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1 Cf. Phaedr. 256 C 1, 475 A, 347 B.
2 Cf. on 544 A, p. 237, note g.
3 In considering the progress of degeneration portrayed in the following pages, it is too often forgotten that Plato is describing or satirizing divergences from ideal rather than an historical process. Cf. Rehm, Der Untergang Roms im abendländischen Denken, p. 11: “Plato gibt eine zum Mythos gesteigerte Naturgeschichte des Staates, so wie Hesiod eine als Mythos zu verstehende Natur-, d.h. Entartungsgeschichte des Menschengeschlechts gibt.” Cf. Sidney B. Fay, on Bury, The Idea of Progress, in “Methods of Social Science,” edited by Stuart A. Rice, p. 289: “ . . . there was a widely spread belief in an earlier ‘golden age’ of simplicity, which had been followed by a degeneration and decay of the human race. Plato's theory of degradation set forth a gradual deterioration through the successive stages of timocracy, oligarchy, democracy and despotism. The Greek theory of ‘cycles,’ with its endless, monotonous iteration, excluded the possibility of permanent advance or ‘progress.'” Kurt Singer, Platon der Gründer, p. 141, says that the timocratic state reminds one of late Sparta, the democratic of Athens after Pericles, the oligarchic is related to Corinth, and the tyrannical has some Syracusan features. Cicero, De div. ii., uses this book of the Republic to console himself for the revolutions in the Roman state, and Polybius's theory of the natural succession of governments is derived from it, with modifications (Polyb. vi. 4. 6 ff. Cf. vi. 9. 10 αὕτη πολιτειῶν ἀνακύκλωσις). Aristotle objects that in a cycle the ideal state should follow the tyranny.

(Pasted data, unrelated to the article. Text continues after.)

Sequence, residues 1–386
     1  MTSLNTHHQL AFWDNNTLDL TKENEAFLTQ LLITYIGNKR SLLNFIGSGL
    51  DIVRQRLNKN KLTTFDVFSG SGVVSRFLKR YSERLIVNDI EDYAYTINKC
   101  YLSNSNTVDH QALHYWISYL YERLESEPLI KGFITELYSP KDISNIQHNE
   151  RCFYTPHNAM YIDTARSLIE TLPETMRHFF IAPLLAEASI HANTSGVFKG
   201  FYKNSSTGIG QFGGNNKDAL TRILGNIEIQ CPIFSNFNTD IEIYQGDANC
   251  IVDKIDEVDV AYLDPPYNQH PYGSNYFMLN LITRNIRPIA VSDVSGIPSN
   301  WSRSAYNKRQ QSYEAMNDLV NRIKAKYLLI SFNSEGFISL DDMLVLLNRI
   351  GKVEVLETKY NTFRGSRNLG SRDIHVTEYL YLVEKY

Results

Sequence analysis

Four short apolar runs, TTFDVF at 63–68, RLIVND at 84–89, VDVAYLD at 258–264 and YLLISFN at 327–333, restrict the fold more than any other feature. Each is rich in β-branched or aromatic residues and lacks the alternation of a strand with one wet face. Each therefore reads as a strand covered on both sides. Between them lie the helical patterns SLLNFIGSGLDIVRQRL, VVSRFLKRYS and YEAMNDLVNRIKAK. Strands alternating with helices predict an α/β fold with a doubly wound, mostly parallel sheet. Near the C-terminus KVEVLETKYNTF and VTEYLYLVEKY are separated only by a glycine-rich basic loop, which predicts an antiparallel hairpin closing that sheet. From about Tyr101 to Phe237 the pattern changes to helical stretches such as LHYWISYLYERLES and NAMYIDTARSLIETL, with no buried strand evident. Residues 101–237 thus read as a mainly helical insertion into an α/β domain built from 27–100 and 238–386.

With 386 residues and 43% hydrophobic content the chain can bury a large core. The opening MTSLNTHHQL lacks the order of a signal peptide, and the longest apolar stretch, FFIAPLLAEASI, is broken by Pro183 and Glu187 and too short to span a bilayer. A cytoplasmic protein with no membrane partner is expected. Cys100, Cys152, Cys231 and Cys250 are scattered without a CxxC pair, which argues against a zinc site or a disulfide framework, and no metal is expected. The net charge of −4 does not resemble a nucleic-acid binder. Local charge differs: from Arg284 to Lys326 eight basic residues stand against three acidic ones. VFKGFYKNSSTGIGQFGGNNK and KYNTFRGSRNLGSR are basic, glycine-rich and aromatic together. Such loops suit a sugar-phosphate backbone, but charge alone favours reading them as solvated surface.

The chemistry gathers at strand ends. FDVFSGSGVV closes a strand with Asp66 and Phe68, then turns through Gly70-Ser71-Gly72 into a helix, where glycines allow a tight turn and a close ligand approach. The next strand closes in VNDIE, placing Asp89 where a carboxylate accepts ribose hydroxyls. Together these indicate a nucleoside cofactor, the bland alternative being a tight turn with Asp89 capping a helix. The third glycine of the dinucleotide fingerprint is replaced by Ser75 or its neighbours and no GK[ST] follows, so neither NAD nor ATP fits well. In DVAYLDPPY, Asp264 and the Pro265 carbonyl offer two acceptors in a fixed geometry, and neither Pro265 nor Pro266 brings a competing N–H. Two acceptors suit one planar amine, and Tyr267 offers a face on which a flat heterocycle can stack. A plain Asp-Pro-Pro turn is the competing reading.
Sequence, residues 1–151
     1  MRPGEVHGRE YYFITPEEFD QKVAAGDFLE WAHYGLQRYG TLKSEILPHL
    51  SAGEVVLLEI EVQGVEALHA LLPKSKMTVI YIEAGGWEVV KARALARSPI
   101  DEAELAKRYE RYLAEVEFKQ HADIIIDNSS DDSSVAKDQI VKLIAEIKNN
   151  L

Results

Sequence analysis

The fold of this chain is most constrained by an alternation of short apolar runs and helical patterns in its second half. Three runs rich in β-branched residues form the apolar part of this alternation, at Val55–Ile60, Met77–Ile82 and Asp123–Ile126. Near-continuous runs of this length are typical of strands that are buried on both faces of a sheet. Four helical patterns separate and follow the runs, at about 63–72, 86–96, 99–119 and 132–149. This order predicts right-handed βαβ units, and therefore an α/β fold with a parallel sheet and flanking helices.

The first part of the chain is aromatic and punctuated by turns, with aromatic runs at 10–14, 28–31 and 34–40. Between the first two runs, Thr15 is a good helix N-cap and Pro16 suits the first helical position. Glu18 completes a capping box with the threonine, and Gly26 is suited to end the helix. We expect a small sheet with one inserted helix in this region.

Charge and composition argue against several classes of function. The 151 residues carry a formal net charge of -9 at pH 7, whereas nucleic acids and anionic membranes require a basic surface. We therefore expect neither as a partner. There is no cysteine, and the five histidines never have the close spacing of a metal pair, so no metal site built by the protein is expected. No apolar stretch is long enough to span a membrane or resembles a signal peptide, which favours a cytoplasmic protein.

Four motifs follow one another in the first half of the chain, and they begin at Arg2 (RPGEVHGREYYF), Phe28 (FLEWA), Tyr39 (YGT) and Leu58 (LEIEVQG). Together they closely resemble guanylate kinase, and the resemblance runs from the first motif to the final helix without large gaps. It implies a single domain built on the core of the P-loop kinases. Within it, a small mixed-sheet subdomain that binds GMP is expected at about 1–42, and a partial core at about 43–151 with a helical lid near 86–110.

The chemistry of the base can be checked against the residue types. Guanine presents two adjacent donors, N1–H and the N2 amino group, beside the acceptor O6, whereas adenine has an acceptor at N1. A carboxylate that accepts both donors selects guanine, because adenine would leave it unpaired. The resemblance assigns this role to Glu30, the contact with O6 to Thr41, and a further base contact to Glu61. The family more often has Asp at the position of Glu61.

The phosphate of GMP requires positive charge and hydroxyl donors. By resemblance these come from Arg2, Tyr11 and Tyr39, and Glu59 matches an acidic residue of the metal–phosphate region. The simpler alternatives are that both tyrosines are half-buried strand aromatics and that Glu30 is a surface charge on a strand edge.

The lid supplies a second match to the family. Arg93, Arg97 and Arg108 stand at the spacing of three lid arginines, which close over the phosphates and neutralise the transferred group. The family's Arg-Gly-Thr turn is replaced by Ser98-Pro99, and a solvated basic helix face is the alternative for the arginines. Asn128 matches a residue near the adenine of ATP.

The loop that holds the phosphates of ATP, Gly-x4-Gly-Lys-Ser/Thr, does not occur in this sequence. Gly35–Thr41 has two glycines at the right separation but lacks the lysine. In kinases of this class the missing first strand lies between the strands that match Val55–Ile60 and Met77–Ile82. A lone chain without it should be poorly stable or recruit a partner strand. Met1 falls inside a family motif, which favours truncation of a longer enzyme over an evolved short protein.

4 Cf. on 544 C, p. 238, note b.
5 In Aristot.Eth. Nic. 1160 a 33-34, the meaning is “the rule of those who possess a property qualification.”
6 Cf. 577 A-B.
7 Cf. 582 A ff.
8 For the qualified assent Cf. HamletI. i. 19 “What? is Horatio there? A piece of him.” It is very frequent in the Republic, usually with γοῦν. Cf. 442 D, 469 B, 476 C, 501 C, 537 C, 584 A, 555 B, 604 D,and Vol. I. p. 30, note a, on 334 A; also 460 C and 398 B, where the interlocutor adds a condition, 392 B, 405 B, 556 E, 581 B, and 487 A, where he uses the corrective μὲν οὖν.
9 For the idea that the state is destroyed only by factions in the ruling class cf. also Laws 683 E. Cf. 465 B, Lysias xxv. 21, Aristot.Pol. 1305 b, 1306 a 10ὁμονοοῦσα δὲ ὀλιγαρχία οὐκ εὐδιάφθορος ἐξ αὑτῆς, 1302 a 10 Polybius, Teubner, vol. ii. p. 298 (vi. 57). Newman, Aristot.Pol. i. p. 521, says that Aristotle “does not remark on Plato's observation . . . though he cannot have agreed with it.” Cf. Halévy, Notes et souvenirs, p. 153 “l'histoire est là pour démontrer clairement que, depuis un siècle, not gouvernements n'ont jamais été renversés que par eux-mêmes”; Bergson, Les Deux Sources de la morale et de la religion, p. 303: “Mais l'instinct résiste. Il ne commence à céder que lorsque Ia classe supérieure elle-même l'y invite.”
10 For the mock-heroic style of this invocation Cf. Phaedr. 237 A, Laws 885 C.
11 Cf. 413 B, Meno 76 E, Aristot.Meteorol. 353 b 1, Wilamowitz, Platon, ii. p. 146.
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